GATES -- Despite the substantial time commitment of being a three-sport athlete at Hilton High School, Erin O'Toole has remained highly involved in her parish, St. Leo the Great. Her activities including being a youth-group member, extraordinary minister of holy Communion, and volunteer at work camps and vacation Bible schools.
The payoff for Erin is a strong spiritual life: "I think it’s helped me become a more insightful person, instead of worrying about little things. I've taken a step back and realized there’s a plan for me," Erin told the Catholic Courier March 3.
She said commitment to church has meant the occasional forsaking of fun activities -- which, to her, only provide temporary satisfaction: "But my faith will last me the rest of my life."
Nicole Pritchard, as well, has withstood various challenges to stay active in her faith.
"When I was in middle school, I didn’t think it was very cool to go to church," Nicole told more than 100 fellow high-school seniors during a witness talk that evening at St. Jude Church. "But my parents encouraged me, and for that I’m grateful."
She added that five years ago, she stopped going to youth group at St. Helen in Gates after it combined with St. Jude and Holy Ghost due to parish clustering. However, her friends talked her into giving the new group a try.
"At first it was a little bit awkward, but then it turned into something beautiful," she remarked, citing a special memory of singing Christmas carols for the homebound: "The people that we sang for were so happy to see us."
Nicole then pointed out to her peers that they have made a difference as well: "Each of you has your story of your faith -- the impact it has had on you and others," she said.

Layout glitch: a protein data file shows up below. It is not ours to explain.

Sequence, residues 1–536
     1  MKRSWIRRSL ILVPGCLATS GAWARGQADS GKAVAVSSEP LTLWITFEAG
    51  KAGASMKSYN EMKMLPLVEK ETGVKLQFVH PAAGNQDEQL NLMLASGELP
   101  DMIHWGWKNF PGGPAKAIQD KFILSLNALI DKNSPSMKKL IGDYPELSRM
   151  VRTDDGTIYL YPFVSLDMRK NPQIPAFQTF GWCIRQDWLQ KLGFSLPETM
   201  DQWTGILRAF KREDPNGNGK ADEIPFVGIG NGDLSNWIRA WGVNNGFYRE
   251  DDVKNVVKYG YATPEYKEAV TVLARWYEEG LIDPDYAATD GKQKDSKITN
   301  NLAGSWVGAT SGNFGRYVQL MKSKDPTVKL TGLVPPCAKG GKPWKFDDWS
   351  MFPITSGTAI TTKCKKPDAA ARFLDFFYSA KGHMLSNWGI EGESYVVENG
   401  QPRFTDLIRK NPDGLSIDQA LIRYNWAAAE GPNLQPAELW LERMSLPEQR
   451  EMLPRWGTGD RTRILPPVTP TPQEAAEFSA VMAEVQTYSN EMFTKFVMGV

Indeed, there are many positive results for living out one's faith, Bishop Salvatore R. Matano told the youths being recognized at a diocesan Hands of Christ ceremony at St. Jude. He compared the challenges of being openly Catholic to what a triathlete endures, saying that "the greatest triathlon ever" involved the three components of Christ's passion -- being condemned to death, his walk on the road to Calvary and his crucifixion -- with his resurrection serving as the victory.
The bishop lauded the teens for modeling Jesus' love and compassion despite the potential struggles involved.
"When I look out at you young people I see row upon row of great hope for the church, in the midst of this world often so confused," Bishop Matano said, noting that in many places people are being killed for their religious beliefs. Reminding the high-schoolers that their Hands of Christ plaques don't mark a graduation from their faith, the bishop encouraged them to continue following Christ's example in order to fill the world with peace, justice and respect for all.
"When you begin college, begin your profession, never think you have outgrown Jesus," Bishop Matano urged.
The gathering at St. Jude marked the first of four Hands of Christ ceremonies around the diocese led by Bishop Matano, with the others taking place March 4, at St. John of Rochester in Fairport; March 7, St. Mary Our Mother, Horseheads; and March 10, St. Alphonsus, Auburn. According to Linda Mehlenbacher, diocesan coordinator of youth ministry, more than 550 high-school seniors received Hands of Christ plaques this year based on nominations submitted by parish leaders noting the youths' outstanding service in their parishes, schools, communities and homes.
Erin, for one, said that "it's really nice they have an award. Sometimes it’s hard being a teen and still living your faith, and it’s nice to be recognized for that."
EDITOR'S NOTE: A complete list of 2015 Hands of Christ recipients is available online at youth.dor.org.